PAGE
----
Since the start of the outbreak, a total of 1,745 Minnesotans with confirmed cases of COVID-19 have died.
The nine deaths announced on Tuesday mean that at least 1,721 Minnesotans have died from COVID-19 since the start of the pandemic.
Overall, election officials were pleased with how smoothly things went in last week’s primary, despite a number of COVID-19 induced obstacles.
Omar’s decisive victory was driven by a progressive turnout machine built over the last decade.
The seven deaths announced Sunday came after six were announced Saturday, for a total of 13 this weekend.
The Minnesota Department of Health also issued guidance for students to try to minimize spread of the disease before the start of the school year.
Wear a mask when walking? How close can you get to high-risk individuals if you’re outside? Are rented cabins safe?
Between now and Election Day, we’re keeping track of all the candidates for the Minnesota Legislature’s 201 seats.
Omar and her challenger in the DFL primary ran close races in many of the Minneapolis suburbs in the Fifth District, but most of the votes in the race are found in the city itself.
The Minnesota Department of Health announced Monday that three more Minnesotans had died of COVID-19, bringing the total to 1,660 since the pandemic began.
As with everything, COVID-19 has disrupted business as usual when it comes to reporting election results.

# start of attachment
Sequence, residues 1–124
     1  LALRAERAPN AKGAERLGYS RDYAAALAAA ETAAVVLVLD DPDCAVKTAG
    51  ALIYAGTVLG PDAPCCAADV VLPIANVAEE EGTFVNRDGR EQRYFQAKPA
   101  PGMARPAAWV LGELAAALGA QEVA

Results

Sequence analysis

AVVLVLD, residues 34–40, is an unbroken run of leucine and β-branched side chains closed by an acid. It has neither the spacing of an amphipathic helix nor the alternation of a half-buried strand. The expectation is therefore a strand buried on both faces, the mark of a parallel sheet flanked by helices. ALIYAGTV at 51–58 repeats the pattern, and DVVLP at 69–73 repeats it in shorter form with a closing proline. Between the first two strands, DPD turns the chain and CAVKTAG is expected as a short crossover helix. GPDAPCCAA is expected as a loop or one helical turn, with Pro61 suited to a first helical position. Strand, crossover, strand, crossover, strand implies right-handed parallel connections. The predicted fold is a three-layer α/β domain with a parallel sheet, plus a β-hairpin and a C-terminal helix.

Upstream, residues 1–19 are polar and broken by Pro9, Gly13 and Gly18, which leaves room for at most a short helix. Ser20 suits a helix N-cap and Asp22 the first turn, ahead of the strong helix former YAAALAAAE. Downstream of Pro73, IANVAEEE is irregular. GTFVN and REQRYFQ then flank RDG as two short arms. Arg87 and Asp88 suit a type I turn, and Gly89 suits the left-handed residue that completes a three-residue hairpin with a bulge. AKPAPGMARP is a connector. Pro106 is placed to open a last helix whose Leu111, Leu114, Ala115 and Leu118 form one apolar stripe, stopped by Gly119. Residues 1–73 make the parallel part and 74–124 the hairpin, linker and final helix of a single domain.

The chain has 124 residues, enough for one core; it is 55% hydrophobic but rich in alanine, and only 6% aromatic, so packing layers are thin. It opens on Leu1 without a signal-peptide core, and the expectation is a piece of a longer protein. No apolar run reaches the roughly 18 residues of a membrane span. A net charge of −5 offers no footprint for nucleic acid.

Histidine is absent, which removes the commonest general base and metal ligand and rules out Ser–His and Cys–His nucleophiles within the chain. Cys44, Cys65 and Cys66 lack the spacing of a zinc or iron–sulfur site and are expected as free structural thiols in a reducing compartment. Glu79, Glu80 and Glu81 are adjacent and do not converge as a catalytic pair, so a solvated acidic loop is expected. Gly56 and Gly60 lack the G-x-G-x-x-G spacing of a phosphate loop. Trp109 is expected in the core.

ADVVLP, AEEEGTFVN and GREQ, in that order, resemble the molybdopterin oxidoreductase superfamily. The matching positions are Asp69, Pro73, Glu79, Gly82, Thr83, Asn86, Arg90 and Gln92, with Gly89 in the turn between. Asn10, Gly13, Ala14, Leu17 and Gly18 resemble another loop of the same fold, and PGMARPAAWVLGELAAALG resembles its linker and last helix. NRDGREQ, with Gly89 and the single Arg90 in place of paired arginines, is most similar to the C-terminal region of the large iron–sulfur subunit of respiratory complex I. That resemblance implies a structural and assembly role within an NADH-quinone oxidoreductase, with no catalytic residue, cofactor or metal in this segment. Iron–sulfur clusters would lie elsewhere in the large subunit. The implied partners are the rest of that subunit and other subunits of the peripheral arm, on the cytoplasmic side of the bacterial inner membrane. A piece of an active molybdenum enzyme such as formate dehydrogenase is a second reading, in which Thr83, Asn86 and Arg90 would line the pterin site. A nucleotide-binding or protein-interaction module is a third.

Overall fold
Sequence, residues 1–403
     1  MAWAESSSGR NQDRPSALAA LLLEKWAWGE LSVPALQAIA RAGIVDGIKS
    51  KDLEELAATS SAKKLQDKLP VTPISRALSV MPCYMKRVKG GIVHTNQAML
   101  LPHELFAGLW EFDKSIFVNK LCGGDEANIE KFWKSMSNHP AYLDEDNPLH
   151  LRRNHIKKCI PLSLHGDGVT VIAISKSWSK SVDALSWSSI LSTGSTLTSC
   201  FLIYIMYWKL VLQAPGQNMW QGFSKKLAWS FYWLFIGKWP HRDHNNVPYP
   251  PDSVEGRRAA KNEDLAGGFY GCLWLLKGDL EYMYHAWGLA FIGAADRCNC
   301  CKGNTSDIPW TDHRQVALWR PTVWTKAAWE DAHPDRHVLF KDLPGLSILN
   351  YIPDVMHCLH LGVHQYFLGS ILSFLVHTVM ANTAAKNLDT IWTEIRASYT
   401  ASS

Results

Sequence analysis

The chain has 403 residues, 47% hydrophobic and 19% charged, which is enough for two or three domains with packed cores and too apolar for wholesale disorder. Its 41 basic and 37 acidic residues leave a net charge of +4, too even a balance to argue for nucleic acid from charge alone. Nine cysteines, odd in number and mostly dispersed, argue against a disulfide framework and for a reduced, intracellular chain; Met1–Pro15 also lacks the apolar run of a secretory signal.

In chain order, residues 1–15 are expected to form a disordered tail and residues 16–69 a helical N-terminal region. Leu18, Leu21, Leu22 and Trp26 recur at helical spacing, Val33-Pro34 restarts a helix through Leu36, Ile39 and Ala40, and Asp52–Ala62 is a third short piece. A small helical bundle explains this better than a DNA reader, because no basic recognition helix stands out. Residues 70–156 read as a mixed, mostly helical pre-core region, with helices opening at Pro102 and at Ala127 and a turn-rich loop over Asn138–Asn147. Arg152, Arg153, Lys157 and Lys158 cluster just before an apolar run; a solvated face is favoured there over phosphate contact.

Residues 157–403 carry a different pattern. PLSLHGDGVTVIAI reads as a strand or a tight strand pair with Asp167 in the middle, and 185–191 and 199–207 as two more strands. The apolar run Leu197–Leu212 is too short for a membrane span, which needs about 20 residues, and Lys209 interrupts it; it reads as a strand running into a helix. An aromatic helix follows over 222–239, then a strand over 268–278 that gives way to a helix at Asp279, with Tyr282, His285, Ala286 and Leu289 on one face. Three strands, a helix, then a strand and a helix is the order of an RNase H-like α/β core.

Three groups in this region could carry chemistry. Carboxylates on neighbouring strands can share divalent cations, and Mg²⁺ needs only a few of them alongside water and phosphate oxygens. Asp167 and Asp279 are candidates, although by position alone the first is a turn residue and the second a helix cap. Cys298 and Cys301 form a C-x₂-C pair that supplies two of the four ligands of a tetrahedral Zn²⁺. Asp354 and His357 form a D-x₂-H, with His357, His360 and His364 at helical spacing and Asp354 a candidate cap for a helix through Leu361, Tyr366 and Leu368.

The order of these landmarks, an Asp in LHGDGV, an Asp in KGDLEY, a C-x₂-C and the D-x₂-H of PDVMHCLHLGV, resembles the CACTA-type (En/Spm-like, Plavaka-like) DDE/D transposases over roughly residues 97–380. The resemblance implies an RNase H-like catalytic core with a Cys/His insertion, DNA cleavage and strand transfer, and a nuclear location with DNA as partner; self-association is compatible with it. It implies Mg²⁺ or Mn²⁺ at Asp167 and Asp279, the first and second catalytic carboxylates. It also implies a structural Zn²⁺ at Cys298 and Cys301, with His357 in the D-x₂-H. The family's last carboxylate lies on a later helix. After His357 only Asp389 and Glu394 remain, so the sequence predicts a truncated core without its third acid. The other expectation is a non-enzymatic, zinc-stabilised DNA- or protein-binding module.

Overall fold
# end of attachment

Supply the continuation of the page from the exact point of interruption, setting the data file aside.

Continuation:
Minnesota’s seven-day average case positivity rate rose to 5.2%, up from 4.9% a week ago. MDH considers above 5% a concerning trend.
Four more Minnesotans have died of COVID-19, the Minnesota Department of Health said Tuesday, for a total of 1,620.
Because of COVID-19, local governments have changed numerous polling locations or — in some smaller, rural precincts — gone to mail balloting.
As of Sunday, the Minnesota Department of Health said there have been a total of 55,947 confirmed cases of COVID-19 in Minnesota since the start of the pandemic.
In the early days of the pandemic, confirmed cases of COVID-19 were concentrated in U.S. cities, including the Twin Cities. Now, counties in Greater Minnesota are seeing per-capita infection rates comparable to Hennepin and Ramsey.
MDH also reported 83 new cases among residents or staff in long-term care facilities, up from 40 announced Tuesday — with the majority of the new cases among health care workers.
The state has hundreds of workers making calls to people who test positive for COVID-19, and with those they may have been in contact with. But with high levels of community spread of the disease, those efforts have limited benefits.
The state’s case positivity rate was at 4.8 percent, near the five percent threshold that is a warning sign for public health officials.
Election judges tend to be older, which means they tend to be more vulnerable to COVID-19. Many are deciding not to risk working the polls this year.